(It's a fourth post! Arrrgh! Well, the first two were pretty meaningless, so... um... yeah, they only count as half a post each.)
When you look into fun, you'll find a thousand people giving ten thousand different definitions. Are there eight kinds of fun? Twenty one? Four? Is fun an autonomic reflex attempting to restore the brain to regular neural pulsing? A pattern-learning system? An attempt to prove mastery?
In regards to what I'm doing, there ARE different kinds of fun. But these are not defined by what you do to make the player feel them. They are defined by what the player feels.
In many ways, this is similar to the four kinds of fun proposed by Nicole Lazzaro/XEODesign. Okay, so she technically proposes twelve 'models of player experience', but apparently these boil down to the following kinds of fun:
Hard fun, easy fun, altered states, and 'the people factor'. These, in turn, boil down to applying the brain's basic pattern recognition systems towards different ends.
Hard fun deploys them against obstacles and rewards them with last post's "Woot, I'm the man!" reward. Easy fun deploys them against terrain - not obstacles, but spaces of wide variation. This is generally the exploration, 'what comes next' approach to a game. Altered states deploys pattern recognition avoidance - replacing one pattern with another because it is preferable. "The people factor" deploys your pattern regonition system against other people in a social way.
Honestly, I don't think those are the four 'kinds of fun' I would have chosen, but the basic idea is the same: the player gets to FEEL a radically different emotion type based on the kind of fun. It's rare for an RPG to get your blood pumping, but it is equally rare that five years from now you'll remember that really cool thing you did in Tetris.
If I had to define the different kinds of fun, I would define them as "challenge, freedom, and resonance". This isn't official - it's just what I would say if asked right now.
Challenges are the kind of fun where the player has a path they must take and the whole point is to acheive that path. Freedom may have challenges, but not mandatory ones: a player is not forced to take specific actions. Resonance is when the game causes the player to feel something without directly confronting him in play space.
For example, Dance Dance Revolution is a challenge, but there's a pretty big chunk of freedom as to what your body is doing while you're hitting those beats. WATCHING DDR is resonance, because you're kinda groovin' with the people playing.
Further example: Morrowind. Morrowind is a freedom-based game littered with semi-optional challenge play. However, it also has an element of resonance, as freedom-based games usually do, in its stories and environment. The player is immersed in a new and passably interesting world.
Farthest example: GTA. GTA is like Morrowind. You can hardly tell the difference! Except in the SPEED of the play - Morrowind plays at maybe one-tenth the speed of GTA, which is definitely an important choice.
The KEY to most of the most popular games recently is MIXING these three experience types.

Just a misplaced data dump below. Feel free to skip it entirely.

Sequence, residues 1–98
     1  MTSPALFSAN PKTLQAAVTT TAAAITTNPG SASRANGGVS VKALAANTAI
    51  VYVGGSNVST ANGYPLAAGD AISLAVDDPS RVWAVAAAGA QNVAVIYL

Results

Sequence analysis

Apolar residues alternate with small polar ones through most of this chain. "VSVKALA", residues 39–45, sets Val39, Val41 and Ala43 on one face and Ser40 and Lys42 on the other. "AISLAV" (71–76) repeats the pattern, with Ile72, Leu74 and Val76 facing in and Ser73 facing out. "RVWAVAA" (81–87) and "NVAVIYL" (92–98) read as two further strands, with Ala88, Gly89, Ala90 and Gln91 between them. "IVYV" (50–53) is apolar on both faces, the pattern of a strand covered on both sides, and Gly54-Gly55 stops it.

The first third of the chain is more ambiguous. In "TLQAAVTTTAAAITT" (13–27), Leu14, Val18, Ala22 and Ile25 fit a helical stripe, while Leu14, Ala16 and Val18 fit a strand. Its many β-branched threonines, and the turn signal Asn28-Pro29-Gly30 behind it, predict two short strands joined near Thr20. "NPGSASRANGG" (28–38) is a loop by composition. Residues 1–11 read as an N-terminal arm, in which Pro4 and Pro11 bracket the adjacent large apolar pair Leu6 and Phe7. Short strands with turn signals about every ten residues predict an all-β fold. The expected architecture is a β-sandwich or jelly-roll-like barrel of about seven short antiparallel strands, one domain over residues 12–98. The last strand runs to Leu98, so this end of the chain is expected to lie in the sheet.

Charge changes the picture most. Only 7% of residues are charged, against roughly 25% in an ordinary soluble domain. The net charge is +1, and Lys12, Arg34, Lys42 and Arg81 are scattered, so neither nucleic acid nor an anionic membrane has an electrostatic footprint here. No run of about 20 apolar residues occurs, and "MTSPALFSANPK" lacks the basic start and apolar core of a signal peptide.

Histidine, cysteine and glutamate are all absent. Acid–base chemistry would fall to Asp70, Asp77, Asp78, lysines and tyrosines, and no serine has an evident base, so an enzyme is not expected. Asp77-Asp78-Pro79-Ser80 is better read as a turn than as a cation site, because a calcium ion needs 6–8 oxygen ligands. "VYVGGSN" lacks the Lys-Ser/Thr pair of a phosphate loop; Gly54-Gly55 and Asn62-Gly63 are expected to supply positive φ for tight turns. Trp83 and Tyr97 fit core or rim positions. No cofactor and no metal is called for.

A player usually isn't all that incredibly intrigued by just one of these three kinds of experiences. Sure, a game CAN consist of such, but around it springs a culture to support the rest. Take Starcraft's multiplayer mode. It's pretty much entirely challenge play. So what happened? An entire culture sprung up around it, chatting and grooving together, and added resonance to the environment of the game (if not the game itself).
Depending on the exact nature of the play, you can usually do two or even all three of these kinds of play at once, but games don't keep it up. A normal player can't keep playing the same exact way for hours. He burns out. So games switch it up.
Some games even switch up and have multiple 'games' inside their game which are used to get different versions of the same type of experience. An RPG has local challenges (fights) and global challenges (dungeons). These are often mixed with other kinds of fun - a fight, fast-paced and infinitely repeatable, is devoid of any added cruft. "Streamlined" is the word. But a dungeon is a much slower challenge and is liberally combined with freedom and resonance.
By mixing and matching these kinds of experiences and the rate at which they are experienced, a game is made unique. By CORRECTLY mixing them, you get a game which is eminently playable.
I've always reviewed games by their patterns and play loops, but this seems to be even more promising. The games I'm reviewing in my head seem to pretty clearly split up by audience based on the mix of experience.
My favorite game, for example, is Apples to Apples. There's a fast challenge/resonance phase: put down a card, but a card which will win the judge. This is actually quite a complex challenge despite the limited resources. There's a slower challenge/resonance/freedom phase - renumerating on the card you've drawn and filing a bit more information about the reactions of that particular judge in your memory. Usually, the judge is kind enough to make SOME commentary - but not too much - about the cards, causing laughter. Rinse, lather, repeat.
It's simple, but because the challenges are highly diverse within their framework AND they include multiple speeds and experience types, I can play it for days. I don't know if I'm the record-holder for Apples to Apples play, but I played for more than 12 hours once, taking into account a few bathroom breaks and a few meals - usually eaten while playing.
So long as you remember that a challenge has to be a challenge, freedom has to involve freedom, and resonance has to resonate, I think this is a really neat way to look at game design!